Knowing How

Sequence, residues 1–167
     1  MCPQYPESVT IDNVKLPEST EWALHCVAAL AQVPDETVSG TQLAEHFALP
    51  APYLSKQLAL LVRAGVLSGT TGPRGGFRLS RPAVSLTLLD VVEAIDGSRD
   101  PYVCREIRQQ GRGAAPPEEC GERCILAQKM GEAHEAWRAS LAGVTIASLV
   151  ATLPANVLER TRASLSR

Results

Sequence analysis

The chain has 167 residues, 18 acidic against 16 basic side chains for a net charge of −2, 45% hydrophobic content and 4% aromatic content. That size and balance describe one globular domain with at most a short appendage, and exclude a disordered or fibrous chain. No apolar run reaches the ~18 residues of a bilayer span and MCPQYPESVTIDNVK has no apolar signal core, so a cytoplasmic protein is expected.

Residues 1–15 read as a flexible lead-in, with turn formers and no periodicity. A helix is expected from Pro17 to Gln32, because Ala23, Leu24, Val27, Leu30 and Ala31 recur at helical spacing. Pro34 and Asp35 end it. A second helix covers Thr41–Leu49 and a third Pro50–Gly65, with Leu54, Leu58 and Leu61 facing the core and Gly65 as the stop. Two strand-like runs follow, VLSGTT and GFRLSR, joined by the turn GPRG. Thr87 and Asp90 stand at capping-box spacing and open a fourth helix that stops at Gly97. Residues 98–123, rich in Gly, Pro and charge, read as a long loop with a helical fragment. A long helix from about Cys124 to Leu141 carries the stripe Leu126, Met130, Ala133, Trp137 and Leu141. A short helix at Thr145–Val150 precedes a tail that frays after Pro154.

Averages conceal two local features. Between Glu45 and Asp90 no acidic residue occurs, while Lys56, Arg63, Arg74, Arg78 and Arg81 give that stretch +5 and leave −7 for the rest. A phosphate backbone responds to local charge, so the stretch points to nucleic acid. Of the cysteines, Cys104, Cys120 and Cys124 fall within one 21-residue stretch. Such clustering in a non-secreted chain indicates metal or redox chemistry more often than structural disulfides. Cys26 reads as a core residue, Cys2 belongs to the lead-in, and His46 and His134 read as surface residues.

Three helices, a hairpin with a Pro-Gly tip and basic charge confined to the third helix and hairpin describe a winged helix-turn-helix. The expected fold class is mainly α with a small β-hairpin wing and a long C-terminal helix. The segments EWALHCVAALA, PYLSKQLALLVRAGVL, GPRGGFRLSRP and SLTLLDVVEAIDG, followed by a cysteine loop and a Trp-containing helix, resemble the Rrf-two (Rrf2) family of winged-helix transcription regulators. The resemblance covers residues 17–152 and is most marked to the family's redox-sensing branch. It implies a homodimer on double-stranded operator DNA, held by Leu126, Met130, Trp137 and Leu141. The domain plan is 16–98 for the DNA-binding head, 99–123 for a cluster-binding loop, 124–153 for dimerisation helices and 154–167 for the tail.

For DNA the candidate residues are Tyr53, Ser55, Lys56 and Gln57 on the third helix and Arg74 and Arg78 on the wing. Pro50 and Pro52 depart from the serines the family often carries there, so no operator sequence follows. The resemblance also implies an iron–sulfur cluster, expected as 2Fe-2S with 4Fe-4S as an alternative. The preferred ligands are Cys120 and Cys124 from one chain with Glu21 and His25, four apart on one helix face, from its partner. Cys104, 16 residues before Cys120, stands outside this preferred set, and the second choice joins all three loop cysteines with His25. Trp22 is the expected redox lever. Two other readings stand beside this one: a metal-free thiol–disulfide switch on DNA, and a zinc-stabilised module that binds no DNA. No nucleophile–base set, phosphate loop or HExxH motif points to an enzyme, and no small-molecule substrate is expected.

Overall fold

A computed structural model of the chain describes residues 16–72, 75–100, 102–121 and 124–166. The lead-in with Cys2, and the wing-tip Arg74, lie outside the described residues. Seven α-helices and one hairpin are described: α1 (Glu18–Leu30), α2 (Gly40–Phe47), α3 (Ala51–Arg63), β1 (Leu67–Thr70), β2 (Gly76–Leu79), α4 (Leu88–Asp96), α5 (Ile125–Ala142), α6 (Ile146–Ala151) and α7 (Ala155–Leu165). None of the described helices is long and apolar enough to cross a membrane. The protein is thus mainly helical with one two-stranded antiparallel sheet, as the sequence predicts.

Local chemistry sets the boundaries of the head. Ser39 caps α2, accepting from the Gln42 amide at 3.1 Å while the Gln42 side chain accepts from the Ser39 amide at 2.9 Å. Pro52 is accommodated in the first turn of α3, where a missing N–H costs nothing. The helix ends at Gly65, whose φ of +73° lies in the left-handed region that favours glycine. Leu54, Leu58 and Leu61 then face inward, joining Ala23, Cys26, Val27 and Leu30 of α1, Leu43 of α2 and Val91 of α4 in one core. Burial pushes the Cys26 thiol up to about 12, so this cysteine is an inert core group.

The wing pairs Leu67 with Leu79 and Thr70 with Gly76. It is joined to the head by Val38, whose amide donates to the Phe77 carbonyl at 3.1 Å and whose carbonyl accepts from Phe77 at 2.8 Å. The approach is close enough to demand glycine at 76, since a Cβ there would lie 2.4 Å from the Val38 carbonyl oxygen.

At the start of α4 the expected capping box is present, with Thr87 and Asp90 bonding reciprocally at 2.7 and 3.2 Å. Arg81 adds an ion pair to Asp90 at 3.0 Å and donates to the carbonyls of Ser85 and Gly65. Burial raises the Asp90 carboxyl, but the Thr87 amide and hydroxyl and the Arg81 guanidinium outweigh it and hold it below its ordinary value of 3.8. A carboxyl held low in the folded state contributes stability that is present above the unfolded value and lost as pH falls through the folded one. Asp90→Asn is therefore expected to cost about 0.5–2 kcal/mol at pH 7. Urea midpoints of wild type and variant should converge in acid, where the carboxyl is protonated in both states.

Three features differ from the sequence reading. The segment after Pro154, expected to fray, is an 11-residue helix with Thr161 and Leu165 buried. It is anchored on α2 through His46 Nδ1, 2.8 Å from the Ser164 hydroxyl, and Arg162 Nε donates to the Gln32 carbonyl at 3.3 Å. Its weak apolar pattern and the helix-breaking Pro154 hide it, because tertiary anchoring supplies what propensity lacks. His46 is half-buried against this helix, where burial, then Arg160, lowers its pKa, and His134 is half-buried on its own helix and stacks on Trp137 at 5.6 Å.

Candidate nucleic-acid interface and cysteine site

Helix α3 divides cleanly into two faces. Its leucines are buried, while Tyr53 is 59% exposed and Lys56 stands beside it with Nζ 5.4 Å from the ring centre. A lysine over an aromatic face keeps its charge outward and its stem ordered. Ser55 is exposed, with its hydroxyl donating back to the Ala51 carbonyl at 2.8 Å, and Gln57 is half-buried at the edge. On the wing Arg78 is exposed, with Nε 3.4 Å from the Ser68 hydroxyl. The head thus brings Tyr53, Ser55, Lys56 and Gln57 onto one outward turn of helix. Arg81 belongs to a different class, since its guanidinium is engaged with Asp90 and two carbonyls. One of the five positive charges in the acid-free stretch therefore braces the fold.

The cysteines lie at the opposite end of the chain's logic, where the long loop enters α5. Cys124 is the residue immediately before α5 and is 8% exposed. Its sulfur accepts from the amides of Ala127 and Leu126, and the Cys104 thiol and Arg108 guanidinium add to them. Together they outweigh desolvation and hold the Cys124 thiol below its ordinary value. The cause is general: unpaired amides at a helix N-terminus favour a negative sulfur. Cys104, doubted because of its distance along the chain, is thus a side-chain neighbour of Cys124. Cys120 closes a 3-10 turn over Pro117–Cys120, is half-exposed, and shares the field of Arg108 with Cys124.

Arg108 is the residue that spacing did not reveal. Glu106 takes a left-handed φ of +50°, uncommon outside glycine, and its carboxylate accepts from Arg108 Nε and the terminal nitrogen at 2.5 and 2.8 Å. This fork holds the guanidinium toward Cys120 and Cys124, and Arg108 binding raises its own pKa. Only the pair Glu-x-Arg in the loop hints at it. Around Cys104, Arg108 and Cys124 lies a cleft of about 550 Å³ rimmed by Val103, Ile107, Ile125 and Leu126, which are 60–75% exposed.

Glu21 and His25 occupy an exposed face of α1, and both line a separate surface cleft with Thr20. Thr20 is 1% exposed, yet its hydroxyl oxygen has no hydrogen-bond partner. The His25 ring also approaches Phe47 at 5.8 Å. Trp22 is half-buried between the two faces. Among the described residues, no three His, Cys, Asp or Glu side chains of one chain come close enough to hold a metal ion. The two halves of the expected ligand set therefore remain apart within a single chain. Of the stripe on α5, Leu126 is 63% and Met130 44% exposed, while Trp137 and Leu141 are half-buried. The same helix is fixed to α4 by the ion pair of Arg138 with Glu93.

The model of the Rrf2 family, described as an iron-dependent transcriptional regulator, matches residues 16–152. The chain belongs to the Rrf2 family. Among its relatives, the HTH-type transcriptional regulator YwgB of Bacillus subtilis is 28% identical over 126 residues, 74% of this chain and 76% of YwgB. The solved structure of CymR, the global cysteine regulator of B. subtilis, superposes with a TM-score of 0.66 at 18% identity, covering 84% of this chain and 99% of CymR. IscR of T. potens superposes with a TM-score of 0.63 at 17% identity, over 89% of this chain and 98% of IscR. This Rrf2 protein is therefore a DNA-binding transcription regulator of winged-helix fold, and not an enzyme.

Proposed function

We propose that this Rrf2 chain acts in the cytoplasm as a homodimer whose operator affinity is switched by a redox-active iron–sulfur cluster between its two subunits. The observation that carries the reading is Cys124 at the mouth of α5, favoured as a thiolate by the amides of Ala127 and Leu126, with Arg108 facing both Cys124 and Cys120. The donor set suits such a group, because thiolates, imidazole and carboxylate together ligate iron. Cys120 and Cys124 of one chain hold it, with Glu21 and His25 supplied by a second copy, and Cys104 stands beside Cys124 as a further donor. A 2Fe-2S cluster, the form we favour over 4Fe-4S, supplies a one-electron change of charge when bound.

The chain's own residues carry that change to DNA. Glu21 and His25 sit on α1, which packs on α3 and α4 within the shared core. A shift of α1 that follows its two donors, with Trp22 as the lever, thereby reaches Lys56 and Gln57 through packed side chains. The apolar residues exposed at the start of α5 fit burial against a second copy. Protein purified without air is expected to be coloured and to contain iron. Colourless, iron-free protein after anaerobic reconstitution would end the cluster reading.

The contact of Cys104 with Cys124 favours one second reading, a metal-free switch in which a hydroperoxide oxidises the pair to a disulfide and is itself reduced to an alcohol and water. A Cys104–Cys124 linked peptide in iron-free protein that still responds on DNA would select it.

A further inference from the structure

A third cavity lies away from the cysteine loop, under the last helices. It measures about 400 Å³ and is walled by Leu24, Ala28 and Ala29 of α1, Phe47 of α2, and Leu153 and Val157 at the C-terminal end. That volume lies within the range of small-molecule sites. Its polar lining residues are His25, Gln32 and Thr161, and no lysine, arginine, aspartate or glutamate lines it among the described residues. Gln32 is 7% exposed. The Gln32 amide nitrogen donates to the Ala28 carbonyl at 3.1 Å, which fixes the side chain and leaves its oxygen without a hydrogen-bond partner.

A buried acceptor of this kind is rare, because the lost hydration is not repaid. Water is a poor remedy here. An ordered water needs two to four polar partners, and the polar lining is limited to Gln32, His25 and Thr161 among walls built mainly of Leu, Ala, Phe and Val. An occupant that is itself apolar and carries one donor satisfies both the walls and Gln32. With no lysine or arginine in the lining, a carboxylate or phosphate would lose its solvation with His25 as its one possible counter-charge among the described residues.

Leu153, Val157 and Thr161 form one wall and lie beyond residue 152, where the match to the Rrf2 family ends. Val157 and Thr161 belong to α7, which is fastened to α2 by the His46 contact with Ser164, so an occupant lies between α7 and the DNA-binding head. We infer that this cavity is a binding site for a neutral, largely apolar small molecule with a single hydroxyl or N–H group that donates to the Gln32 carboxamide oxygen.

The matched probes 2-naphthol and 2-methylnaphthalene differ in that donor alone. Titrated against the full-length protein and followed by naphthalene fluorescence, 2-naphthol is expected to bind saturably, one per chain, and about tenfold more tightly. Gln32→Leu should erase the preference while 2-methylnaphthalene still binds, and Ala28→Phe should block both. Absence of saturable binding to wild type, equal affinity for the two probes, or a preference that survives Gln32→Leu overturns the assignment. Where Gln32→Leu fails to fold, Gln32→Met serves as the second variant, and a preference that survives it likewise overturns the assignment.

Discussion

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“That’s all well and good in practice… but how does it work in theory?” is a popular slogan on student t-shirts on this campus. This joke depends on a distinction between theoretical and practical knowledge—a distinction enshrined in philosophical orthodoxy by Gilbert Ryle’s mid-20th-century essay “Knowing How and Knowing That.” Ryle attacked the “intellectualist legend” that to do something intelligently is “to do a bit of theory and then to do a bit of practice.” In the 21st century, though, Jason Stanley and Timothy Williamson (Yale and Oxford) have attacked Ryle’s distinction, arguing that “knowing-how is a species of knowing-that.” I will sketch a bit of the history of this debate. By looking at the use of the term “intellectualism” in Ryle’s day, I will show that his actual position has gone missing in the 21st-century discussion. We’ll see how history of philosophy can inform philosophical inquiry, opening up neglected insights and restoring our sense of the genealogy of philosophical arguments and problems.